Wednesday, May 02, 2007

Pinocchio Part 7A

I don't mean to let so much time pass between posting the mosaic for a section and the commentary, but things do get in the way. If you're looking for the mosaic for part 7, you can find it here.

There is some confusion here as to credits. I have listed Tom Oreb for scenes 42 and 43, but I was browsing through Jack Kinney's book and he mentions a Frank Oreb. I'm pretty sure that I've got the credit wrong and the scenes belong to Frank. I also made that mistake for section 1.6, scene 42. My apologies.

On page 27 of the original edition (and maybe later editions) of Disney Animation: The Illusion of Life, there are drawings of Jiminy at the bottom of the page that Frank and Ollie credit to Ward Kimball. These drawings appear to come from scenes 41 and 42. However, the draft says that these scenes are by Milt Kahl. In this case, I have no idea who is right.

Finally, there's been debate about Shamus Culhane's animation of Honest John and Gideon. Culhane is not credited for any scenes here, but his assistant Norm Tate is. On page 193 of the hardcover of Talking Animals and Other People, Culhane prints a drawing that looks like it should be from scene 19. However, it doesn't match the finished frames. Pinocchio is picking up an apple, not his book as in Culhane's drawing, and Honest John's pose is similar, but not exactly the same. This doesn't really do anything to clarify the situation, as there's no way of knowing how much of Culhane's work survives in the final animation. I should also point out that Marvin Woodward is credited with Pinocchio in this scene, so Culhane would not have done that character in any case.

I took Les Clark to task in Part 6 for how he drew Pinocchio's face when he wasn't smiling. Marvin Woodward has similar expressions in scenes 16-19 and 22 and makes Pinocchio's face more attractive than Clark was able to. I'll be curious to see if Clark has any later Pinocchio scenes and whether or not he got more comfortable with drawing the character.

This is the first sequence of the film where layout was supervised by Ken O'Connor. While there have been bravura crane shots earlier in the film, O'Connor is much more aggressive in his use of camera angles in shots that include character animation. Preston Blair does scene 53, a high angle shot of three characters singing and dancing. The numbering of that shot is so out of whack with the surrounding shots that it appears that the shot might have originally been the climax to the sequence. Hugh Fraser and Phil Duncan animate the low angle scene 27 and Sam Cobean does the worm's eye and bird's eye views of scenes 30 and 31. I don't envy the animators on those shots as the drawing challenges are tremendous. I'll bet that a lot of profanity was aimed in Ken O'Connor's direction by these four animators.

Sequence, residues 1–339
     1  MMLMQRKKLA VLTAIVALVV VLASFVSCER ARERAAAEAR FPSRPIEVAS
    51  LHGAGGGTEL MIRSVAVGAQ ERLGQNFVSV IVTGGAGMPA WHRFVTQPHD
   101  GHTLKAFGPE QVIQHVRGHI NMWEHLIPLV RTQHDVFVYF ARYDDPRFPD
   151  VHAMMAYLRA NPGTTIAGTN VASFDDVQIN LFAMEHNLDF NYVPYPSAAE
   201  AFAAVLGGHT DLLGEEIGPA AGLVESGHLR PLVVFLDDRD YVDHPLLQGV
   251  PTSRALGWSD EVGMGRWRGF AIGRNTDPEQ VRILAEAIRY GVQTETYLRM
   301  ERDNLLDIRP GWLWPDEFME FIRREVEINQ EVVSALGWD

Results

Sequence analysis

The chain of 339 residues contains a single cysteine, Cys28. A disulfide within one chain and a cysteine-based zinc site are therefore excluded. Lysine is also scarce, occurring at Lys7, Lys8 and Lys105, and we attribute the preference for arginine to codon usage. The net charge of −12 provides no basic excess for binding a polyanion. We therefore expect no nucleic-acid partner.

Animation wise, this is another sequence where there is relatively little animator consistency. Each character is handled by multiple animators, sometimes in consecutive shots. When I look at a sequence like this, there's no question in my mind that the acting had to have been worked out before the animators started drawing or the characterizations would not be consistent. This sequence introduces the fox and the cat, so it's not like the animators had another sequence to refer to. Whether it was Disney himself, the board artists, the character layout artists or directors Luske, Sharpsteen or Hee, somebody (or everybody) had to nail down the performances or they would have been all over the map. As good as the animation is here, the animators didn't make the major contribution to the performances.


Stephen Worth said...

The Disney drawings in Culhane's book were not vintage drawings. They were drawn on vintage paper, but they were done for the book.

See ya

Anonymous said...

I don't think Jiminy in scenes 41-42 really looks like Kimball drew him. Kimball has a distinctive style and that isn't it.

As for Tom or Frank Oreb - another question is, what did he animate? Pinocchio? The flower?

I agree with you on the inconsistency of animator casting - it's like every scene of Honest John and Gideon is by a different animator. Culhane/Tate tends to give Honest John a shorter, thicker nose than most other animators but I'm not sure if that's even consistent either. It's also strange to see Jiminy animated by Kahl, Moore, and Cobean (and a rare example of Woolie's animation in the first half of the film)

Didier Ghez said...

I just learned that Frank Oreb was Tom Oreb's older brother and assistant to Dick Huemer for a while (interview of Eric Larson by John Culhane).

Liimlsan said...

As I understand it, this scene was heavy with live-action reference.

Culhane I don't believe much of his finished animation ended up in the film. Most of his surviving work seems to be on the Barroom scene. (He also drew all his illustrations in 'Talking Animals' specifically for that book; I know for a fact that that drawing from 'Swing, you Sinners' wasn't the one they used in the film. They have all the crudeness and blockiness of his later drawings.)

He does, however, draw the fox with simple shapes, marionette-like hands, and a short muzzle (he states that Ferguson had to fix an earlier model with a long muzzle, and if there's anything I learned, it's that junior animators who idolize their seniors will take one of the man's ideas a little too far.)

I'd credit it to Ward Kimball, seeing as how it has Milt Hands and Ward timing. I can't see Ward cautioning Milt on timing the scenes, but I can effortlessly imagine Milt, in his supervisatory pomposity, giving Ward layout drawings and tests. Now it makes sense.